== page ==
From Trainer to Curator

One of the tricks that you learn very early in a teaching career is to keep copies of everything – even the worksheet that you literally cut and pasted together quickly to help fill in a gap on a Friday afternoon – as every activity is reusable.  The same applies to most of the training content that you will use or encounter in your own professional development – although I’m obliged to sound a note of caution that professional resources can often become obsolete through the many changes in regulation and legislation over time.

As trainers and learning professionals mature in their roles, their workload will subtly shift from sourcing and creating entirely new material to maintaining existing content and supplementing it with new material.  There’s a natural progression towards becoming a curator – someone who picks out a selection of existing material and repackages it in a new and different way, much the same as a gallery curator might choose a selection of artworks to illustrate a particular theme or style.

Probably the biggest strength of using an online training platform is the ability to curate a vast range of content from both your own “catalogue” of material, and the wider catalogue of material available from a huge range of sources on the internet.  The biggest danger comes from the need to be a discerning curator, filtering out the incorrect, inaccurate and inappropriate material, whilst selecting the best quality and format content to suit your needs and the learning styles of your learners.

The Development Zone is a powerful tool in its own right that seeks to support you in the role of learning curator, with an always growing catalogue of high quality original content sourced (and curated) by our talented and experienced training professionals, combined with tools to allow you to create, adapt and curate your own original training content.  These range from tools such as custom modules and custom quizzes where you’ve created content from a blank canvas, right through to imported modules and reading material, where you’ve been able to import or link to content produced by third parties.  They also include dynamic tools, such as the custom course and custom pathway formats to collect together resources in different ways, and the webinar module that allows you create a completely interactive and customised experience for learners.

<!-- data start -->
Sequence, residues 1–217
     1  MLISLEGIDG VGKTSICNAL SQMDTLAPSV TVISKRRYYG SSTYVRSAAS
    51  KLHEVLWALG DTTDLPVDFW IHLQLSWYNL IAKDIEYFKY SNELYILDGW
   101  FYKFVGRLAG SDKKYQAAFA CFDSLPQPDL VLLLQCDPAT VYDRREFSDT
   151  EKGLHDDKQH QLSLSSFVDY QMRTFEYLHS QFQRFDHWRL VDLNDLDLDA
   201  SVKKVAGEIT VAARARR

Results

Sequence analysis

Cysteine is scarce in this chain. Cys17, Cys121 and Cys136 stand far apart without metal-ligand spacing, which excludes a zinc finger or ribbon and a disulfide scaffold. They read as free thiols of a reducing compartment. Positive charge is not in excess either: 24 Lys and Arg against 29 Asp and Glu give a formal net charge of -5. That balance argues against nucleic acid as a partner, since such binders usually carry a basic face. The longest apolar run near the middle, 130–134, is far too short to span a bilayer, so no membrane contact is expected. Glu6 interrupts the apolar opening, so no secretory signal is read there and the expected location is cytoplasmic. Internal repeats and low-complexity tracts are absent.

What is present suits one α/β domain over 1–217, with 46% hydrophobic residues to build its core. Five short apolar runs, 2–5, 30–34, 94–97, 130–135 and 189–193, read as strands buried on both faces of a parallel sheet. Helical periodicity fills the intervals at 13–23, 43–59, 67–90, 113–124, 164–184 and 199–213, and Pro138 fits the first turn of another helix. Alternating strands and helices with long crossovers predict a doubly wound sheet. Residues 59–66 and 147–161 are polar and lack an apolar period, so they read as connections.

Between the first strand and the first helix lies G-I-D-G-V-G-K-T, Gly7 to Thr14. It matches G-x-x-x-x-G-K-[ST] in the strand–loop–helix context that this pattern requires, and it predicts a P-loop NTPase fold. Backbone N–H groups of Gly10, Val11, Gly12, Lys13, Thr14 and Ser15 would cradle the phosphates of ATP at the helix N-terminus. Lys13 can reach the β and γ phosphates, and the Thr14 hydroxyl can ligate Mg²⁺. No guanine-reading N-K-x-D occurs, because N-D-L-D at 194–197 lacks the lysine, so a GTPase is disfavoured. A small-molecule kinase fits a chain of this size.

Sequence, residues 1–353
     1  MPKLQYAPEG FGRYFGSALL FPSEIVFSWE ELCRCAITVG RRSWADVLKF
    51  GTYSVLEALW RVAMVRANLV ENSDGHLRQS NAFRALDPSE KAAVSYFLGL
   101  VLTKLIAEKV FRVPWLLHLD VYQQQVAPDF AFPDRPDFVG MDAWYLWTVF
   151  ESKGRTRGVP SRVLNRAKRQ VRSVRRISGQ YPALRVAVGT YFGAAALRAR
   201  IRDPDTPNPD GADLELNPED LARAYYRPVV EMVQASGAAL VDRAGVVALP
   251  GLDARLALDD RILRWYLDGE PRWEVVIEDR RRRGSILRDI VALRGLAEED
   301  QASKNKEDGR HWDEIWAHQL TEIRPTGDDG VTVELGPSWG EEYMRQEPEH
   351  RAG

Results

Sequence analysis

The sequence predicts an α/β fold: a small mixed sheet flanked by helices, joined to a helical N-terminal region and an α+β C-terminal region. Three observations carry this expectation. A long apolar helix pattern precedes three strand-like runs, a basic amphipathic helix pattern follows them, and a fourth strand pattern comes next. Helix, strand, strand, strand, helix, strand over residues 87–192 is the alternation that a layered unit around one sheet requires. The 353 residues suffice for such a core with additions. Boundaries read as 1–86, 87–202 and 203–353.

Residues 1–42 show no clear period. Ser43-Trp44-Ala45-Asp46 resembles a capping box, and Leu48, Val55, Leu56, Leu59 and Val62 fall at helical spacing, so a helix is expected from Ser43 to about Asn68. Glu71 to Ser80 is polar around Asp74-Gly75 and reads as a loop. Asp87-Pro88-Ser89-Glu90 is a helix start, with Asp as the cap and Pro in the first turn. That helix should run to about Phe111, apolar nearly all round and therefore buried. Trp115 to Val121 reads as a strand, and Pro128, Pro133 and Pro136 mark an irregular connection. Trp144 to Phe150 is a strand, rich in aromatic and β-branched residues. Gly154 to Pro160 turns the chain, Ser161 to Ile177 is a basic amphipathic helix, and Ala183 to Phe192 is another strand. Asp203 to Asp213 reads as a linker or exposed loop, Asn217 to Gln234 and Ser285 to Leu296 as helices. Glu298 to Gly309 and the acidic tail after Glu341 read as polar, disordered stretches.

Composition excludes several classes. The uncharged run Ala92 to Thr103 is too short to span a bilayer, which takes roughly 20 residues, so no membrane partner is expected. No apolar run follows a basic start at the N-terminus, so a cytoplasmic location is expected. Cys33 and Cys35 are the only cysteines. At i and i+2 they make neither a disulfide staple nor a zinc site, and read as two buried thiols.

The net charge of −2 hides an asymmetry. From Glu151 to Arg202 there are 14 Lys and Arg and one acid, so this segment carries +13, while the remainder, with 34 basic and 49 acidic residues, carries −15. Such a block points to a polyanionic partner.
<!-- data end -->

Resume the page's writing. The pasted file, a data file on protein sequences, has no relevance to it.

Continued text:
As a curator, it’s important to know when you’re getting the balance right for your target audience – unlike in a gallery, you can’t judge success by ticket sales or by independent reviews.  You can judge success by measuring learner engagement – taking a longer term look at the amount of time that your learners spend on the training platform, or by reviewing achievement – including the number of attempts that learners require in order to successfully complete assessments.  That’s why, as well as the content creation tools, we also incorporate a wide range of reporting tools and analytics into the Development Zone.

Many new trainers and teachers spend a long time searching for a “magic bullet” – a single approach that will work reliably with every learner, every time and ensure maximum success.  An experienced curator will understand that such an approach rarely exists, but instead will seek to find a balanced approach that includes several different types of content to engage more effectively with a wider range of learners.  They also understand that sometimes they’ll get it wrong, but that won’t stop them from trying something new.

If you haven’t already explored the range of content curation tools on the Development Zone, why not start by visiting the Dev Zone Academy (available via the Support option at the top of every screen) and find out more about what’s available to help you create and curate new learning experiences for your firm.

About the author

After gaining a degree in Computer Science, Tim spent nine years teaching in a number of secondary schools (11-19 year olds) in Wales.  For the majority of his time teaching, Tim led a highly successful team of teachers delivering vocational ICT qualifications and reached the level of Associate Assistant Headteacher before leaving teaching.  He has also been a senior examiner and moderator for one of the UK's largest awarding bodies.  Since 2013 he has been the senior developer for the Development Zone.

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